tv Tavis Smiley PBS September 9, 2010 12:00am-12:30am EDT
agassi. he created a foundation that created a model charter school in his hometown of vegas. last year, the school graduated its first ever class with every single senior going to college. he now has a best-selling autobiography, "open." his thoughts on the u.s. open and other topics in our conversation, coming up right now. >> all i know is his name is james, and he needs extra help with his reading. >> i'm james. >> yes. >> to everyone making a difference, you help us all live better. >> nationwide insurance supports tavis smiley. with every question and answer, nationwide insurance is happy to help tavis improve financial literacy and remove obstacles to economic empowerment one conversation at a time. nationwide is on your side. >> and by contributions to your pbs station from viewers like you. thank you.
[captioning made possible by kcet public television] tavis: always pleased to have andre agassi on the program. he became the only man in history to win all four grand slam titles and an olympic gold medal. his best-selling autobiography is out now, "open." to not take long for this to get on the list as well. >> i guess not. it has been quite a year. tavis: would be mean about that? >> the feedback. this came with risks, but my hope was that those who chose to read it would not only learn more about my inspirational
story, because that was important, but may be learned a little more about themselves. tavis: what were the risks that you referenced and or the risks worth taking? >> no question. my life story was a question to me as it relates to what i put in the book and what i talked about, real-life issues. writing the book was my choice, and the risk was an illusion that everything appears as it seems. we'll go through difficult places in our lives, and i am no exception. tavis: anything that you wrote, best seller status notwithstanding, that you have thought second about, regret, wish you had not said? >> no, nothing that is in there that i regret. 400 pages does not contain any man's life. there are other things. tavis: you have had a full life.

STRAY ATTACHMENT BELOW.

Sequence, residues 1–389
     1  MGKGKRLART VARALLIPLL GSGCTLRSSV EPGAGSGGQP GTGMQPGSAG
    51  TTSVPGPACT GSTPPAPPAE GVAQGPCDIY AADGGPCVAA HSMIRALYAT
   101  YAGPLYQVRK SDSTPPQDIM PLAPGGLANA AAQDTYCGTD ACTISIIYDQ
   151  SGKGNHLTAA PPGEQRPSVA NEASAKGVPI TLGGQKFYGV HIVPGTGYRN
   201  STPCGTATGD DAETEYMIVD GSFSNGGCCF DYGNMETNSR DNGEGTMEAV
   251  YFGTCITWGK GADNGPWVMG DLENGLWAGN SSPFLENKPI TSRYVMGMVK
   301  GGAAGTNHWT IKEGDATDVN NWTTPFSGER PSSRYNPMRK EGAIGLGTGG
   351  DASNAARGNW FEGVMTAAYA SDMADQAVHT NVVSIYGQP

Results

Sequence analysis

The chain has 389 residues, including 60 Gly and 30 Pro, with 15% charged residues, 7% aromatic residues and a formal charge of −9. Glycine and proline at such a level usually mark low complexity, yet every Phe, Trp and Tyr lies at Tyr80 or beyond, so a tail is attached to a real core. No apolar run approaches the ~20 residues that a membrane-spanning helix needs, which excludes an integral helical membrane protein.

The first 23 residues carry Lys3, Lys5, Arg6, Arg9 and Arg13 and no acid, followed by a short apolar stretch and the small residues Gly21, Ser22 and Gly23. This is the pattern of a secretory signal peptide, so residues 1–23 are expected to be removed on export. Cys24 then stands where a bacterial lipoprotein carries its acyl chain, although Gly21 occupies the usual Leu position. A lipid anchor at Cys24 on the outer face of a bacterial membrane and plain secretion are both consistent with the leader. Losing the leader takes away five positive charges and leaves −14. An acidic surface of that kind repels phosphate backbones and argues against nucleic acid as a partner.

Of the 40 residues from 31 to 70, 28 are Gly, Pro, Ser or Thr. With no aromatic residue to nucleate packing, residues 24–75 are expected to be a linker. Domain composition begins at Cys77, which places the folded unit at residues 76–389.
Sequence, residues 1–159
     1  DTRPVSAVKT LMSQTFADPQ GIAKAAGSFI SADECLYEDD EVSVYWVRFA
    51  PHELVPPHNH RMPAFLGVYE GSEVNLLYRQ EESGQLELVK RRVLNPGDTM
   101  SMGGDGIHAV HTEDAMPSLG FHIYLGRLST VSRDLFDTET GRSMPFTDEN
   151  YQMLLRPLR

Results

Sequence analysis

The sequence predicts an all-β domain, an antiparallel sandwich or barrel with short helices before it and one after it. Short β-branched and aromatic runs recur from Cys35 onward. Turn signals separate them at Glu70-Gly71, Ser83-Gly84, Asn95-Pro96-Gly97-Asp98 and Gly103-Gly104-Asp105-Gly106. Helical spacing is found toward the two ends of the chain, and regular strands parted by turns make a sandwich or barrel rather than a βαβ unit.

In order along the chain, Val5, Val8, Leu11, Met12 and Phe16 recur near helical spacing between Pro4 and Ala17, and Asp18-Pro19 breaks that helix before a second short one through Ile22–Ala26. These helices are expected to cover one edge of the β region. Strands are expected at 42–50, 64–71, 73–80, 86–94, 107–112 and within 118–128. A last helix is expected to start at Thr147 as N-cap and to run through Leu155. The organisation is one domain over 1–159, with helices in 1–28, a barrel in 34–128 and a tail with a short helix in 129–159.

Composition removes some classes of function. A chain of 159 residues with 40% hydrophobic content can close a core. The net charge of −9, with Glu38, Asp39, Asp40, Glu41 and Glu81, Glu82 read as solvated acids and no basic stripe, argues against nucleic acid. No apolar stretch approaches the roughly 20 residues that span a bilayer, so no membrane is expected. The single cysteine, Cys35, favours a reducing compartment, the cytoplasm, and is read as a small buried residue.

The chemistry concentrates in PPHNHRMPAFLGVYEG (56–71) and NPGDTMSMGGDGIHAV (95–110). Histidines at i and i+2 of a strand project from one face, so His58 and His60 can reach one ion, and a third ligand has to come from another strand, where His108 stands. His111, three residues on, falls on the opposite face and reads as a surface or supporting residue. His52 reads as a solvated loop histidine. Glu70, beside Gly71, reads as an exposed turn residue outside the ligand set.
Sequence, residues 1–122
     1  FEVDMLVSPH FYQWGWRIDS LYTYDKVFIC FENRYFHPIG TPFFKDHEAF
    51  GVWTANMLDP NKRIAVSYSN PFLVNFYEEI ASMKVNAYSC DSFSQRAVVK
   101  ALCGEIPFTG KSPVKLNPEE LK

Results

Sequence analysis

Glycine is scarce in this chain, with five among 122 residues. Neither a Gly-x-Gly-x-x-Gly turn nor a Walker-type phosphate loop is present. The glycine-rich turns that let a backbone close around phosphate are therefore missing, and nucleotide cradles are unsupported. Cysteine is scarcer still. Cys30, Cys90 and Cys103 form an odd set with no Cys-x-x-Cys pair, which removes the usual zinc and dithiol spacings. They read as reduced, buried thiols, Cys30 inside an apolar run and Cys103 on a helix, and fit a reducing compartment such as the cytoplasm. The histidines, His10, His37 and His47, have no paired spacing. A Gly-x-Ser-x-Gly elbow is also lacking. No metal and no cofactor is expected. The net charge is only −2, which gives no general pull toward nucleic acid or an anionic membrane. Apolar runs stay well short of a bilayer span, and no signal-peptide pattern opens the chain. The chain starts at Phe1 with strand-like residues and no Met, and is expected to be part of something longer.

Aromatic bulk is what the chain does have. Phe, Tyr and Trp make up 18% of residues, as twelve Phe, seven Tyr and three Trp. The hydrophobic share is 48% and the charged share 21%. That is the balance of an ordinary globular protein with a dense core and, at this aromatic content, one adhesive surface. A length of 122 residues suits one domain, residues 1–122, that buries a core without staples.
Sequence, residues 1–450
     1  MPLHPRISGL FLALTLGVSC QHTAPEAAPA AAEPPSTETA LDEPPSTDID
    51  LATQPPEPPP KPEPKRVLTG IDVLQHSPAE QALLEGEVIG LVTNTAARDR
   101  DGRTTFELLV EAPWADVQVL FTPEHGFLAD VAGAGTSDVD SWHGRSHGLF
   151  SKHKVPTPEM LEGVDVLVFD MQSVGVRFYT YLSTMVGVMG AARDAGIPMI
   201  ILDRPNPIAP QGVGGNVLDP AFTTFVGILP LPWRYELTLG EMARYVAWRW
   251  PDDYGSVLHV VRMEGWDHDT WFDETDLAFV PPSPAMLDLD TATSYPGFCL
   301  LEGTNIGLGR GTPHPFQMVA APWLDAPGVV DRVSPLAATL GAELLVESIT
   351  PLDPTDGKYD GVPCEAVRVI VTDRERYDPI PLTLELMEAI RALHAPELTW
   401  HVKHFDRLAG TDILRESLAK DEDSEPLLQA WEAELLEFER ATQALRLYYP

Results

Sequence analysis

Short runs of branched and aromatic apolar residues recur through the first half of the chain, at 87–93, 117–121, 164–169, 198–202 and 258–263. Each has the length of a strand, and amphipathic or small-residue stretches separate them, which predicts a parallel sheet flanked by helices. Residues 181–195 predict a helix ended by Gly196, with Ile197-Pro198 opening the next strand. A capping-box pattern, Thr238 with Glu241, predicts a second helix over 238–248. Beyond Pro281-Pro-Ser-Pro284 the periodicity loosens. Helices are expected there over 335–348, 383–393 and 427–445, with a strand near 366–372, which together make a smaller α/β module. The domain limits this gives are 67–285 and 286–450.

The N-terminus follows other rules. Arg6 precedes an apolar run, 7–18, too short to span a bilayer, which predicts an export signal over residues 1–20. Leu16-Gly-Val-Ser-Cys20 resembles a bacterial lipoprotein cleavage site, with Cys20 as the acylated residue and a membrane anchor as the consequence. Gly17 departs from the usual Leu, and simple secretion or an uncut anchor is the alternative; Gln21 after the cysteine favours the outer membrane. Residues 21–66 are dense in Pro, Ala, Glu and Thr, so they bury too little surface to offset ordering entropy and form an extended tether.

>> i don't regret it because i really prioritized what i wanted to communicate. we all know our experience. what is the story of your life? you are talking about a boat that has to do with forgiveness of yourself, which a book that has to do with forgives of yourself, of your parents, waking up in a life that you find yourself in. these are all realities that we can all identify with in one way or another. i hated what i did for a lot of years and found a way to choose it for myself. that is a journey i wanted to share. people saw me goes from number one to 141, back to no. 1 in the world, and it was harder than it sounds. tavis: it has been said by a number of people this is one of the best sports all the biographies of all time, one of the best memoirs out there, period.
it is not just a sports autobiography. this is about your life. when you are this open about your life, how does this impact your family? >> i considered everybody in writing this book, even those who are not part of my family. i started with my children, what will they think of this, knowing their dad. for the most part, i think that's read in full context, they understand that i describe these relationships in present tense. i am 7 years old describing the powerful figure my father friess. -- my father is. i am 5 foot 11 inches, he is 5 foot 7 inches, just to set the record straight. i talk to my dad, and he said,